Dun: OS Grid Reference – NM 8640 0479
Also Known as:
From Ford village, take the track that goes uphill (west) running near the edge of the forest-line. Keep going until you hit the top of the forest and the large rocky hill above you (on your right) is where you need to be heading. The rise to your left is Dun Chonallaich. Walk around the bottom of the hill until you get to the other side (you should be 100 yards or more above the tree-line) where you’ll notice a ‘pass’ running west, with a rocky knoll above you on your right. That’s it!
Archaeology & History
Thought to date from the Iron Age, the remains here cover an area 15 yards by about 25 yards. Remains of walling around the edge of the summit nearly a yard wide in places define quite clearly where the ‘fort’ was centred. The entrance to the site was found on the northwestern side. In more recent times however, animal pens have intruded on the remains here and the archaeological remnants are much denuded.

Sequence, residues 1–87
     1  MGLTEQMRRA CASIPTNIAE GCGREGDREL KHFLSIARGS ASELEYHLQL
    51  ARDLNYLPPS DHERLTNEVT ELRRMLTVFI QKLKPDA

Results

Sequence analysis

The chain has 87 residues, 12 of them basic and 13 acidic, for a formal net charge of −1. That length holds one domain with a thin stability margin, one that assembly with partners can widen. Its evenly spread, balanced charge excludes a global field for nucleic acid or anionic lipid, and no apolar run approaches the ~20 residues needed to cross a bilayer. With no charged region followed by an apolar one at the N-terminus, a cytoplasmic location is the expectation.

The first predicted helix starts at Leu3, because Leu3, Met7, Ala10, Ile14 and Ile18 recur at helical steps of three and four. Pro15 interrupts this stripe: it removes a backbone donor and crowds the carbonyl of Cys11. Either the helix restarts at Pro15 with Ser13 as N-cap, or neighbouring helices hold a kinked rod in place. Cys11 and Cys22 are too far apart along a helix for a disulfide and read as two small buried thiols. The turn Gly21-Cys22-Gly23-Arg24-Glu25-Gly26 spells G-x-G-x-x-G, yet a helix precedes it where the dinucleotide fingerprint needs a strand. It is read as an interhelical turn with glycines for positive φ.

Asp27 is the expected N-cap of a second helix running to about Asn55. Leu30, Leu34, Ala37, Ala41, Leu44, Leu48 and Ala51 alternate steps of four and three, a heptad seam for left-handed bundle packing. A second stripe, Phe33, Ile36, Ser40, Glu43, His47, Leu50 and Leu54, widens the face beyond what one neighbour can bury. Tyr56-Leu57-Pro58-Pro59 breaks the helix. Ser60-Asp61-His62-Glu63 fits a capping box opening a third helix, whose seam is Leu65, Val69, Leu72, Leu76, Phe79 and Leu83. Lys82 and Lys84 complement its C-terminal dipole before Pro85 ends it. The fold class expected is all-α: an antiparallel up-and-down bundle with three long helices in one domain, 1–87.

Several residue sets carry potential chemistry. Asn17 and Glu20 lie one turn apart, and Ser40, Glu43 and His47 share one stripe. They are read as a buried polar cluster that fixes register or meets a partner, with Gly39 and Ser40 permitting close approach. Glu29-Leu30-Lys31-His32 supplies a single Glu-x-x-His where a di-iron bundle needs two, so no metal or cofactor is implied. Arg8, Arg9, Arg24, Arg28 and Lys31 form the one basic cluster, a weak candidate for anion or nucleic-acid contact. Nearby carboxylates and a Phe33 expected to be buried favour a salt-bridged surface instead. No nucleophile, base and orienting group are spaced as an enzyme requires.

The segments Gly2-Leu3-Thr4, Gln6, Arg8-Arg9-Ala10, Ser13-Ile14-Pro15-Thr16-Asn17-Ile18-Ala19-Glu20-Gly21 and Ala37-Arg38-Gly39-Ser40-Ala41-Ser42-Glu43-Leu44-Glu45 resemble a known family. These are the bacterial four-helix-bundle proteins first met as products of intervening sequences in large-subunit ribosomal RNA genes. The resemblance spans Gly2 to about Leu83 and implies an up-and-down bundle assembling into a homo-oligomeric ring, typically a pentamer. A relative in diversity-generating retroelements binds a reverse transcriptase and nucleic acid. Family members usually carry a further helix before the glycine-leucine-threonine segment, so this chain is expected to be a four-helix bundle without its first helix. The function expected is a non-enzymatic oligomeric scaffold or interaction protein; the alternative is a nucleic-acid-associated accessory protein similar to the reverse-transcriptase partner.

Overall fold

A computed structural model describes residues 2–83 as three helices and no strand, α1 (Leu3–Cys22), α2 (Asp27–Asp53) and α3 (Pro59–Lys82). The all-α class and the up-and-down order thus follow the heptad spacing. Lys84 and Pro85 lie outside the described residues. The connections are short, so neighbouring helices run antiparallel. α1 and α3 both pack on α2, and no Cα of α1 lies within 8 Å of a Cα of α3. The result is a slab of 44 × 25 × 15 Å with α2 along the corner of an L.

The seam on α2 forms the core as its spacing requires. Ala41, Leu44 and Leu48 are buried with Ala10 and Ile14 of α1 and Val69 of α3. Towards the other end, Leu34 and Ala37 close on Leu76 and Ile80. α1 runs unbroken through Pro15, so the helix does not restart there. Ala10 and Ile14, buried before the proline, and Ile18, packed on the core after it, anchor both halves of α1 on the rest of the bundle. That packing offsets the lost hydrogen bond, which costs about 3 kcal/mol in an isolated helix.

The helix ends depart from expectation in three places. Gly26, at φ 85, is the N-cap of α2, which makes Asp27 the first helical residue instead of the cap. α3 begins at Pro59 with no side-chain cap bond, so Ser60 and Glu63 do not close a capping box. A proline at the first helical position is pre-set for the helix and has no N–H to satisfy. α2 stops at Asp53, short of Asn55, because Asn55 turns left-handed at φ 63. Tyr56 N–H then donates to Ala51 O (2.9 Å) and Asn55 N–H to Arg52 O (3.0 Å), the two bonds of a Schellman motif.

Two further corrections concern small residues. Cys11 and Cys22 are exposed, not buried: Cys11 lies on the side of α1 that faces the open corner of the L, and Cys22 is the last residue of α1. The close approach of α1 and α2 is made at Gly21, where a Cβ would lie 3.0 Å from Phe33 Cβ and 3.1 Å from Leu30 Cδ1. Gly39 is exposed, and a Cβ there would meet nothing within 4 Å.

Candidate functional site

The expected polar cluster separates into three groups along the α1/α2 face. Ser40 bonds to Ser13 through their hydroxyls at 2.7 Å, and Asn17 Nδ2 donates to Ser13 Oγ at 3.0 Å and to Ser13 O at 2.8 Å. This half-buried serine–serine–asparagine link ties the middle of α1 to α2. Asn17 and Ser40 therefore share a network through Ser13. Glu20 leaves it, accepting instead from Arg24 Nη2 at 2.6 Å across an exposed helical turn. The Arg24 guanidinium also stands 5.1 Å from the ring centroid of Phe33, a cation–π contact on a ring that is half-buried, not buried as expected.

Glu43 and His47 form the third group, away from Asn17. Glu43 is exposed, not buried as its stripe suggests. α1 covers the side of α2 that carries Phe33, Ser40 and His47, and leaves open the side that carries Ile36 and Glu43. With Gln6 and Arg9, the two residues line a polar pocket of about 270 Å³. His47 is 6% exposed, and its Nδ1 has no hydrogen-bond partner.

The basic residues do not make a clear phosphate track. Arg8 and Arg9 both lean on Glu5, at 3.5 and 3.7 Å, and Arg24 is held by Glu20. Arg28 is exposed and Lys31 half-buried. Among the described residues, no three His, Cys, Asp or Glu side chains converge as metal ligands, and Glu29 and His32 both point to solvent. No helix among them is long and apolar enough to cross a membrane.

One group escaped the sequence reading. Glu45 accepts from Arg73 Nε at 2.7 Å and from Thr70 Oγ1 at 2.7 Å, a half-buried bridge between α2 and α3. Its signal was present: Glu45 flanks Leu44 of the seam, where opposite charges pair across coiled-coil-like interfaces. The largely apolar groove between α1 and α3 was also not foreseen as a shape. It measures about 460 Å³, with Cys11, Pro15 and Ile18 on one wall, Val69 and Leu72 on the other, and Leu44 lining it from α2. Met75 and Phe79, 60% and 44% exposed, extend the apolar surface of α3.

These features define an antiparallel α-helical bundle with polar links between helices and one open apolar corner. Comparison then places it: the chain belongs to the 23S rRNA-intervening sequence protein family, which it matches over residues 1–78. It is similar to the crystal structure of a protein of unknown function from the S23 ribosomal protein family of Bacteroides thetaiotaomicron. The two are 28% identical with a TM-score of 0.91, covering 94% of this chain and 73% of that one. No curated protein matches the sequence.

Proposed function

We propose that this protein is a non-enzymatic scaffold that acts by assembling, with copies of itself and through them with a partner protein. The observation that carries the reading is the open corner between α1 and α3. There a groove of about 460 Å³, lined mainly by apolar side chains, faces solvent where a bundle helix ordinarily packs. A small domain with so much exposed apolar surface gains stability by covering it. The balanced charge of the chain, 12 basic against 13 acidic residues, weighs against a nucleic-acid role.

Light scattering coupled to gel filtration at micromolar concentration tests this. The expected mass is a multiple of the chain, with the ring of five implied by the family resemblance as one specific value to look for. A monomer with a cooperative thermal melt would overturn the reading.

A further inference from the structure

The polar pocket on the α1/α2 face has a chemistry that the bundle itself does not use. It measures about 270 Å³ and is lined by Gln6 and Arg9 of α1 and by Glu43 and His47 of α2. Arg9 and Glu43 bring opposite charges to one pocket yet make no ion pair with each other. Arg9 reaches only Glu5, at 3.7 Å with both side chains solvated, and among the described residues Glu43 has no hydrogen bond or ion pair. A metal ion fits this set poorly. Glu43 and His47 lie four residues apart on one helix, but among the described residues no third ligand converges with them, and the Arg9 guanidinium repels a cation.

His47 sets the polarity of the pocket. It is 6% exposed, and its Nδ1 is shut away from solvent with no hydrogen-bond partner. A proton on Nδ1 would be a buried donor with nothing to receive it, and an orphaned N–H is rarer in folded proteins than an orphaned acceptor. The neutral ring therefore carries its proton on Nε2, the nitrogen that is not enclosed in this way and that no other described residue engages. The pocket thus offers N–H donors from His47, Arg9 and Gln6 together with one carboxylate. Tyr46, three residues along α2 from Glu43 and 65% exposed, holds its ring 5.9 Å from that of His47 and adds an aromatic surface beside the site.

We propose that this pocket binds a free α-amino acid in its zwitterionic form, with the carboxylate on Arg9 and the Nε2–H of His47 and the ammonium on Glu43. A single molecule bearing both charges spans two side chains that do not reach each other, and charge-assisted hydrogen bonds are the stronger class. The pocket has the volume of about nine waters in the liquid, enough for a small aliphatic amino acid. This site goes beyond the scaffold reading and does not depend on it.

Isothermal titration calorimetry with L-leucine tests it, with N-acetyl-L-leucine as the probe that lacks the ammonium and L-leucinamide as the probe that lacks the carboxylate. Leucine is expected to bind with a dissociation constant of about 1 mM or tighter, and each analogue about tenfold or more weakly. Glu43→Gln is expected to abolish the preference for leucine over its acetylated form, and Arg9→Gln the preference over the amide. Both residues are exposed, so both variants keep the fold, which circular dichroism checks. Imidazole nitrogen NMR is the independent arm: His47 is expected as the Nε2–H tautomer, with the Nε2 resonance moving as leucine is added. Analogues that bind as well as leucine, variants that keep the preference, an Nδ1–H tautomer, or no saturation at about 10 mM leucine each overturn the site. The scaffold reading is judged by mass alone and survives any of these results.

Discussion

Samhain fires were lit on the larger ridge above this ruined fort until recent years, as some old local folk will tell you. These Halloween fires (done to celebrate the old New Year) were stopped a short time after the new ‘owner’ of the Auchinellan Estate (on whose land Dun Dubh is found) took exception to them and, for all intent and purpose, deemed them a fire hazard! The lady in question who inherited the Estate was in fact a devout christian who took exception to the local “pagan” goings-on, contrary to the beliefs of the previous Estate owner, who not only allowed such old events, but played a part in them. Local folk hereabouts, not surprisingly, aint too keen on their part-time dictatorial christian neighbour.
The fires up here were also related to the linear cemetery at Kilmartin. Here the giant tombs all line up & point to Dun Chonallaich, behind which hides the more flattened top of Dun Dubh. When the Halloween fires were lit on top of this, the glow from behind the great pyramid of Chonallaich all the way down to Valley of the Kings, was spectacular! One wonders just how long the local people had been doing this…
- Royal Commission on the Ancient & Historical Monuments, Scotland, Argyll – volume 6, HMSO: Edinburgh 1988.
© Paul Bennett, The Northern Antiquarian